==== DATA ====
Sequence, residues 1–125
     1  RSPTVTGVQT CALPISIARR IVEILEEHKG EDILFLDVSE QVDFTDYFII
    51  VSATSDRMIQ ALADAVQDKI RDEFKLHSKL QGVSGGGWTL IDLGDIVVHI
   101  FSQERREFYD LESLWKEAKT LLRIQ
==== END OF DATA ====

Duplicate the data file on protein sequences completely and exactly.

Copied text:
Sequence, residues 1–125
     1  RSPTVTGVQT CALPISIARR IVEILEEHKG EDILFLDVSE QVDFTDYFII
    51  VSATSDRMIQ ALADAVQDKI RDEFKLHSKL QGVSGGGWTL IDLGDIVVHI
   101  FSQERREFYD LESLWKEAKT LLRIQ